A rather generic argument follows the same course as your question but potentially amends it with questions about what moral relativism cannot condemn. Rachels for instance points out that the moral relativism cannot condemn slavery in either the past of his own culture or the present of any culture -- nor is it clear that he can condemn murders or holocausts in any of these.

Parts of your answer hint at a natural law approach to ethics. On such views, moral relativism fails because there is a natural moral order in the universe, and we are the sort of creatures endowed with the reason to see it.


We do not respond to ethical dilemmas with binary switches and levers, but with complex and nuanced human behavior. Our ethical obligations in a scenario may or may not be relative to a lot of things, real or imagined, but it is undeniable that it will be relative to the capacity of the agent in the moment to make the ethical judgment.

That agent may seek to act according to objective, universal norms, but we can guarantee that another agent will see those norms differently.

Ethical relativism can be slammed as a means of avoiding ethical decision making altogether, and there is some credit to that criticism. However, ethical absolutism can fail to take into account the varied make up and judgment of the agents who must carry out ethically sound behavior.

Or the position of an ethical absolutist may be that all agents should surrender their independent agency to some supposedly objective judge. To my mind, such an idea is itself unethical, and would obviate the whole scheme of objective enforcement.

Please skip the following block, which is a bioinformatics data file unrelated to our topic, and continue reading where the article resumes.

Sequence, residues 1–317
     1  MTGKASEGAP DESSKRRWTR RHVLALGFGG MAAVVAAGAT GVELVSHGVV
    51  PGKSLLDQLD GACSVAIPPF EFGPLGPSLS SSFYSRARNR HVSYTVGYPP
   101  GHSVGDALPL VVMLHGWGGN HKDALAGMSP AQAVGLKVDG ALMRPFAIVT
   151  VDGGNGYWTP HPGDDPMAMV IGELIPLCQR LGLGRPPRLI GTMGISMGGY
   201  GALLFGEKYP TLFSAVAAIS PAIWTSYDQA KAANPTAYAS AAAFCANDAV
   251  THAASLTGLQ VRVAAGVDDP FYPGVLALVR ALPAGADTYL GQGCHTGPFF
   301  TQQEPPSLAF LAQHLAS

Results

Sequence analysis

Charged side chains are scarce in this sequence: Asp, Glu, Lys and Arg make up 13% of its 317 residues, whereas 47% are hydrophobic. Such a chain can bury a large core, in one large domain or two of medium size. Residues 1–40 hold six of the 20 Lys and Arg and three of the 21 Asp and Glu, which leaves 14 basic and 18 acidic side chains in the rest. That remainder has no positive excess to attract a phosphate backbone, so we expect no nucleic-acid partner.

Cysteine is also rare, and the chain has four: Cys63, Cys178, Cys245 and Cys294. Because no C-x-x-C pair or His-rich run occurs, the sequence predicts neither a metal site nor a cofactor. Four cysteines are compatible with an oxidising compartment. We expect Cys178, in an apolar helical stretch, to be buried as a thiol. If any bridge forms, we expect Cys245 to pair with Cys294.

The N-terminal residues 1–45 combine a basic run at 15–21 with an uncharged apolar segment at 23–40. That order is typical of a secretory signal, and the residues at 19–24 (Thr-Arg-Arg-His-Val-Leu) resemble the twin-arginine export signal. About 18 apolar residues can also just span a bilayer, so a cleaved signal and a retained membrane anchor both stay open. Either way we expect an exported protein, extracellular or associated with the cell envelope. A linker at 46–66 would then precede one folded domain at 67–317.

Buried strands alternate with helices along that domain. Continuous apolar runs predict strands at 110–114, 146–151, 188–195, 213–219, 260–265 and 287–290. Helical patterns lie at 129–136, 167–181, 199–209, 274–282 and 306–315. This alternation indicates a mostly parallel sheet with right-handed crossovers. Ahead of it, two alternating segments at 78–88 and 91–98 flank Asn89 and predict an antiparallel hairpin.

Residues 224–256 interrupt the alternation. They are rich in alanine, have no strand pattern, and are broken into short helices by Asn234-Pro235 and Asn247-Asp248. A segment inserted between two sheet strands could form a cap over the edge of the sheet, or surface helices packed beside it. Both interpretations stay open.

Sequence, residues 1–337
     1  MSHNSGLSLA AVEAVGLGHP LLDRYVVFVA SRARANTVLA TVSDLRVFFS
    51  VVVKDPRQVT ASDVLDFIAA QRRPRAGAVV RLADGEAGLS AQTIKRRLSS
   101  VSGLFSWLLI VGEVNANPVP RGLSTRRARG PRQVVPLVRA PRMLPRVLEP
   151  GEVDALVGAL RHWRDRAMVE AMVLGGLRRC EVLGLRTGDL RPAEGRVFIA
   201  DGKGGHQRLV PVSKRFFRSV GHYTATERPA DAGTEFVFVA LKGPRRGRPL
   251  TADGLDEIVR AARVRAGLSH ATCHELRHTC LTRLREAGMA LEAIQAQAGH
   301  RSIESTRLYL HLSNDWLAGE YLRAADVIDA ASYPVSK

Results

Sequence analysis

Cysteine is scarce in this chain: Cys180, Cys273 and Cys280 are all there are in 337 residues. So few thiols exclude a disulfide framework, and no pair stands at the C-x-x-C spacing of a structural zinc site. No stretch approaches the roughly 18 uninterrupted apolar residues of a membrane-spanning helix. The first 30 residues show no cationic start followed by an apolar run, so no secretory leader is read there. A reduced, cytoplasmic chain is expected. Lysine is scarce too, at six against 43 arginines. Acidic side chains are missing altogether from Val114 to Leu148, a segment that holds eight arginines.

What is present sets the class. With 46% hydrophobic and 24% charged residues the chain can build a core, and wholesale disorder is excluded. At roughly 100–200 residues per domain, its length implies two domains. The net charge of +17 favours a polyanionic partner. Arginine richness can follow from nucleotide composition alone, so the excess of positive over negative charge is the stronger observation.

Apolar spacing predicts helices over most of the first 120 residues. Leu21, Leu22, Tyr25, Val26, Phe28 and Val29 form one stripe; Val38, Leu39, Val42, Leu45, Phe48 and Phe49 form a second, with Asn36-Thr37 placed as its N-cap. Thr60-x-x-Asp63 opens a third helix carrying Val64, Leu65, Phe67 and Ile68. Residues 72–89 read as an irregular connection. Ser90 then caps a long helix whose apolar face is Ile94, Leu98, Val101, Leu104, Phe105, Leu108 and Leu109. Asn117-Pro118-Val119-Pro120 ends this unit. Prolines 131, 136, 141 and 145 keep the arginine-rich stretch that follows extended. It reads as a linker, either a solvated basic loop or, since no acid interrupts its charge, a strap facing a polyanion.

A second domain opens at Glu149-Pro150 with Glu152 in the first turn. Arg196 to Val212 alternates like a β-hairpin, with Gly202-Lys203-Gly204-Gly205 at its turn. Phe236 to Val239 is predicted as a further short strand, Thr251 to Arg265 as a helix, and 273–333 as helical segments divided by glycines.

So I believe there is a position between the two extremes: If we posit a moral and social obligation for all persons to strive to act according to ethical norms, we must acknowledge the agency of those persons, which is to say the necessarily flawed humanity of those persons. We should understand they may disappoint and even anger us when they appear to fail in this obligation. They may disappoint and anger us even as they strive with undeniable integrity to act according to objective ethical norms that we may profess to share.

  • You said: "surrender their independent agency to some supposedly objective judge". This judge is nature through the freedom/slavery/life/death/pleasure/pain objective sensors. Commented Mar 18, 2015 at 19:37
  • Mr. Connell, you are engaging in a figure of speech, a metaphor. I know of no agents who are not independent beings, so I respectfully disagree. Commented Mar 18, 2015 at 20:03

Ethics are inherently subjective, because there is no universal "end goal" to which all humans subscribe.

Where we able to all decide upon a specific optimal state for humanity, then it would be possible to logically determine an action to be objectively "right." Actions which bring humanity closer to this desired state would be ethically correct, and those actions could be rated based on efficiency, cost, and risk to determine the most objectively correct action.

Unfortunately, since we can't all agree that slavery is bad or that rising income inequity negatively impacts the poor, we are stuck in the land of subjectivity ethics.

  • Slaving is anti-ethical because it involves a coercing force, as simple as dad. As far as I know, slavery was enforced on slaves. Slavery was a ETHICAL failure of past generations and has been now corrected by the civilized society. Rising income inequity is not a choice but a consequence of nature. Nature is not equal or egalitarian, very far from that. I wish I was 6'4''. Commented Mar 18, 2015 at 19:33
  • 1
    That's funny, because I believe the idea of slavery is ethical. If left to their own devices, some people just cause trouble and make choices that are not suitable for a proper society. Our busting prison population is evidence of that. I don't think it's their fault, that's just the world they were born into. Maybe it's been done poorly in the past, but slavery is far superior to the prison industrial complex we've got currently. Instead of these people being a drag on the economy, let them help power it! #notreallyproslavery Commented Mar 18, 2015 at 22:26